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Organizing Your Next Steps

organizing your next steps

The most important things to understand about organizing your next steps is to recognize that organizing has steps. Effective, sustainable organizing has to involve more than just grab-an-object-and-store-it. Before you figure out where something should go, you should sort by category and review by priority. By addressing one step at a time, you have a singular focus. When you have a singular focus, you can move faster AND you make the next step easier. 

Because organizing in steps is so important, it is necessary to always think ahead. How is the decision that you are making now, making your next step easier? Even if the next step is for someone else, you will serve yourself better by making it easy. However, most of the time that next step belongs to you. So remember that and make it as easy on yourself as you can. If possible, find a way to make it almost fun. When it’s fun it gets done.

Following are 4 examples of how to make your next organizing steps easier.

1. establish exit zones

If you are taking on a big decluttering project, always begin by establishing exit zones. At a minimum, you will need discard, donate, and sell zones. You may want to add a give-to zone for items that have a particular recipient(s) in mind. If you are clearing your home to sell, there are other exit zones you may want to add. These may include a storage zone and a keep-to-move zone. A keep-to-move zone is for items that you will move to your new home, but won’t show well in this one. An attic is often a good place to keep these.

The garage is usually best for discards and donates, because it facilitates hauling away. To begin a major decluttering without exit zones is to deny that the excess has to go somewhere. Clearly defined exit zones create a scoreboard, so you know exactly where you stand on next steps.

2. categorize keeps

As for items-to-keep, always categorize, to make progress. Don’t overthink it, but make general categories. Some common categories  include office supplies, books, keepsakes, decor, utility, and loose paper. When you get clear on why you keep an item, it takes you to where it should go. For example, office supplies may go to the home office, utility goes to garage, books to library, etc. “Keep” is not a category. It does nothing to make your next step easier.

3. define to-do’s

Most of us recognize that if we don’t write down a to-do, we are liable to forget it. So if you are good at writing down tasks, that’s great! However, that may well not be enough to get your to-dos to done. Again, you increase your odds of staying organized by making your next step easy. I write each task on a 1.5 x 2 Post-it note. Why? It’s Because the size of the Post-it limits the size of the task. That makes it manageable and reliable.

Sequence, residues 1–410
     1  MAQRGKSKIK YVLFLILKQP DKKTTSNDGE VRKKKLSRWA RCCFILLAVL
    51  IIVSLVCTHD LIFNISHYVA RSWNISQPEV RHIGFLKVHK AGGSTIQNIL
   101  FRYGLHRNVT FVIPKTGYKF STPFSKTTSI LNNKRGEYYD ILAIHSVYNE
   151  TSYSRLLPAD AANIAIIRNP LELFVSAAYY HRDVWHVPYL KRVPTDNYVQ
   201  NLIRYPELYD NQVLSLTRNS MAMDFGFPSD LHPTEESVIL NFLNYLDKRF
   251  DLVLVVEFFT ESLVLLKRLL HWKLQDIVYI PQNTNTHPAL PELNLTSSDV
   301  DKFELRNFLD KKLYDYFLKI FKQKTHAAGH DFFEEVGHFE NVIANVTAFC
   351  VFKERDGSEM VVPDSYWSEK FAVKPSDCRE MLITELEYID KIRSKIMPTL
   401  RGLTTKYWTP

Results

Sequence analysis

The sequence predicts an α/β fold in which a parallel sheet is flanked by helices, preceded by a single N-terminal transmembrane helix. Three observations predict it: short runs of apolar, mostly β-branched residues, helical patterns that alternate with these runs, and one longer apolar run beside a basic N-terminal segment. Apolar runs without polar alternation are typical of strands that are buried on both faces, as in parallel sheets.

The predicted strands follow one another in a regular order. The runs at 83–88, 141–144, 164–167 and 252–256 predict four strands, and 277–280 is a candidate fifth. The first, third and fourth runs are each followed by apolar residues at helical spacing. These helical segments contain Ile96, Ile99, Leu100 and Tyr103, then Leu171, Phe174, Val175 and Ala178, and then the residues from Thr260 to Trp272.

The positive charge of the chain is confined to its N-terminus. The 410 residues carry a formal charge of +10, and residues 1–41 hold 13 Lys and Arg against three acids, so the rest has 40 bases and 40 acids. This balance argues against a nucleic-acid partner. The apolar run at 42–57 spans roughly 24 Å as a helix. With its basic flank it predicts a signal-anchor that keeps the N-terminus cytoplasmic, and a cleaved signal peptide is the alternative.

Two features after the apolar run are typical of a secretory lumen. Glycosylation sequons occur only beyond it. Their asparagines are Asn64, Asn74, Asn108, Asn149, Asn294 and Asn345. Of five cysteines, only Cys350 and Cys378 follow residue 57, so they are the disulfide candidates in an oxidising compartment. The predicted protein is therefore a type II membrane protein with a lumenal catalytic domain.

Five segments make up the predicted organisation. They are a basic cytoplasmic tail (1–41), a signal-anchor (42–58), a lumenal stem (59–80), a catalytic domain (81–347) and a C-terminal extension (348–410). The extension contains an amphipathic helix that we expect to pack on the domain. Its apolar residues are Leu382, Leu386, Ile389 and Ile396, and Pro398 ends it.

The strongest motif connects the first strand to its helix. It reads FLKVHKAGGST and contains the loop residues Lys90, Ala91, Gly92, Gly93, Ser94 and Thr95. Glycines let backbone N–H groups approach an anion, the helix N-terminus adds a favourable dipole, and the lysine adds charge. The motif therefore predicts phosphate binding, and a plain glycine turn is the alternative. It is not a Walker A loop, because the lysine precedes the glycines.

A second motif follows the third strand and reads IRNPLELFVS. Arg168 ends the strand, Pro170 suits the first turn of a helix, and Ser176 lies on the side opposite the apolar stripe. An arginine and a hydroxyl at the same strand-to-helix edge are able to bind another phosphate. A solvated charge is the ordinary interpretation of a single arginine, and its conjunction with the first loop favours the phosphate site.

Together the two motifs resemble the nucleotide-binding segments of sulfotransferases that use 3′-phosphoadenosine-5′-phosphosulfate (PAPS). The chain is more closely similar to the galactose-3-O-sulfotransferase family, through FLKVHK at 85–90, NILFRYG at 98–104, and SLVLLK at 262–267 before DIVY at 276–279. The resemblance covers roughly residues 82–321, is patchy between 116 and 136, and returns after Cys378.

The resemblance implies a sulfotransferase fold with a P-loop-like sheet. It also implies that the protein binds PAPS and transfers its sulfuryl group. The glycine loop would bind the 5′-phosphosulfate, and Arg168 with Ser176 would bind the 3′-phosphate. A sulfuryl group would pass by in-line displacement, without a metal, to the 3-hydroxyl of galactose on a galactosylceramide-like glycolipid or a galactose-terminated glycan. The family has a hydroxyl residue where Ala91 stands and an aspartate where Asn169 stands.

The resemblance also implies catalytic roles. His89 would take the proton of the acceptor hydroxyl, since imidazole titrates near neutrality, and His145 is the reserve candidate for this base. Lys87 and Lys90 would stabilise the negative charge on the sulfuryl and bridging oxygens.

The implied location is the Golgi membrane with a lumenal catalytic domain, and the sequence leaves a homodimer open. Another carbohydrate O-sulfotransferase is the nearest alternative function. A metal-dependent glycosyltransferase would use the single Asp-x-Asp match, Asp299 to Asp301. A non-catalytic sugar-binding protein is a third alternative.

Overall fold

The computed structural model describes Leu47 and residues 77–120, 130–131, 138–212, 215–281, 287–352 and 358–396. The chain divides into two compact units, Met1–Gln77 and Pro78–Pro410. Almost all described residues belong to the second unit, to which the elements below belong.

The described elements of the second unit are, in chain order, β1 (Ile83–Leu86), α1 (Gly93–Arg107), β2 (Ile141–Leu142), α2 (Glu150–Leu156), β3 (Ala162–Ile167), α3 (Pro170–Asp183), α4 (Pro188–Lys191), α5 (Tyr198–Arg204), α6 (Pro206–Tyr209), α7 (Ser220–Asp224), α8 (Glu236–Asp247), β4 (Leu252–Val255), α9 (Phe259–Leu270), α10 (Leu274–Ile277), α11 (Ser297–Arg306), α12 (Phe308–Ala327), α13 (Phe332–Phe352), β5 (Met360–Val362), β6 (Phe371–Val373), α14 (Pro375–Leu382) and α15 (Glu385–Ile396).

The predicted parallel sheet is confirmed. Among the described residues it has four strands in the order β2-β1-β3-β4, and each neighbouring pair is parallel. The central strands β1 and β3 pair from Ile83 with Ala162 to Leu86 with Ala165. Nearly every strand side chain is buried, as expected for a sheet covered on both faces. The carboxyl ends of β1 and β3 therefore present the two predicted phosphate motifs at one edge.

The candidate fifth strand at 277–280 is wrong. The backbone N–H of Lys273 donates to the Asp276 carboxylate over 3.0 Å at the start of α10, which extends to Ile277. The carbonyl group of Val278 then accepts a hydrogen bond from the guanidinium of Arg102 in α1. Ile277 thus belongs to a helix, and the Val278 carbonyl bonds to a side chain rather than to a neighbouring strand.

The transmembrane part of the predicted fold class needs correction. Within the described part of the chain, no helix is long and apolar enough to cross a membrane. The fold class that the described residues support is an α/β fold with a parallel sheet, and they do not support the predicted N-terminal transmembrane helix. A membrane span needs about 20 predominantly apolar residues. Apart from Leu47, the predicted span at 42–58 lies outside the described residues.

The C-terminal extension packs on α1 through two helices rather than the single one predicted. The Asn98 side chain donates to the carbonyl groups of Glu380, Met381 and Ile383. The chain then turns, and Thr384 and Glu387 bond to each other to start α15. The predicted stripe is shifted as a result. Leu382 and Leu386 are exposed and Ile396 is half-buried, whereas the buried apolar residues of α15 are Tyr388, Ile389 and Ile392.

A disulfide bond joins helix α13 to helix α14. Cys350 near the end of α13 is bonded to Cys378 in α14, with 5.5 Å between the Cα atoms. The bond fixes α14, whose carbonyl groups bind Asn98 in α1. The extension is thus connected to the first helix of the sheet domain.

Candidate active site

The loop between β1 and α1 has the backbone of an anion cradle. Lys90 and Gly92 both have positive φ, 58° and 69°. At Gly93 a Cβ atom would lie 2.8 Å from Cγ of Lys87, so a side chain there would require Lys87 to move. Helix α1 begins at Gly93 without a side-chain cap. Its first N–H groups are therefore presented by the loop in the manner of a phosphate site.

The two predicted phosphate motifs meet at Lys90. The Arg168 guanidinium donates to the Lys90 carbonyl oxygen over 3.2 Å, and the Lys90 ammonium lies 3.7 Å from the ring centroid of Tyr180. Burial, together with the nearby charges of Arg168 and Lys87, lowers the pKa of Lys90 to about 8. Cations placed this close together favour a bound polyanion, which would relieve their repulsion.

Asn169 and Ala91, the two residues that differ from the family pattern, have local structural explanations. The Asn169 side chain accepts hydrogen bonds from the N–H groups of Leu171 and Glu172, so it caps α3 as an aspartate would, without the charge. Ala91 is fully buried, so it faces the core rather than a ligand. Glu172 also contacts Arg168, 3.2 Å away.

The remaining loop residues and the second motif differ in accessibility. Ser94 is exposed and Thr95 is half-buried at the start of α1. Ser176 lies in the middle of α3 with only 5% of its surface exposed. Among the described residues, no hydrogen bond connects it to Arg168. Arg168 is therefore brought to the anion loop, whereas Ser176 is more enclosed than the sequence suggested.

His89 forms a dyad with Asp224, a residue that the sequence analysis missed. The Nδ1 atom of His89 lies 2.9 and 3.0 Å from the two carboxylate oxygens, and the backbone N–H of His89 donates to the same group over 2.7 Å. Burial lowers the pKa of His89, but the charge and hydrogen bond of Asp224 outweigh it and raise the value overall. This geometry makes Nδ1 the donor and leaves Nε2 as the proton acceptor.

I like to Clarify the action with a letter in the upper left. For example, I use E for email, C for call, W for write, and G for Google. That way I can quickly group my tasks. In the lower right corner I write a number, indicating the time I expect the task to take. A neatly written, clearly defined task stands a much better chance of completion than a scribble on a napkin. Action feeds on clarity.

4. set launch pad

To stay organized, one of the most critical areas in the home is just inside the front door. Reserve a small table, shelf, or ledge for items heading out the door. In my home, I have a ledge, which we call the “leaving ledge.” NOTHING goes there except items heading out the door. This is not a place for things to pile up. It may hold an article of clothing going to the donation depot or a shopping bag going to the car.

It may be a letter heading out to the mailbox. Whatever it is, it is easily manageable and ready to go. I make it very obvious, often sticking out at an awkward angle, like a sore thumb. That way, it grabs my attention, as I head out the door. A neat little pile would look settled and comfortable, so it takes up residence. That’s not good. Your exit item should look uncomfortable and ready to move to the next step, outside the door.

Sorting and prioritizing without a plan for your next steps, will not move you forward. Working in steps is vital to good organizing, but be sure you are making your next steps super easy. Assume that YOU will be the one doing the next steps and give yourself a break!

Comments 4

  1. I love number 3.. I use “e” for errands (places I need to go), “c” for call, “I” for Internet. I also have a “staging area” like your number 4. It has saved me many times to have everything I need ready to go!

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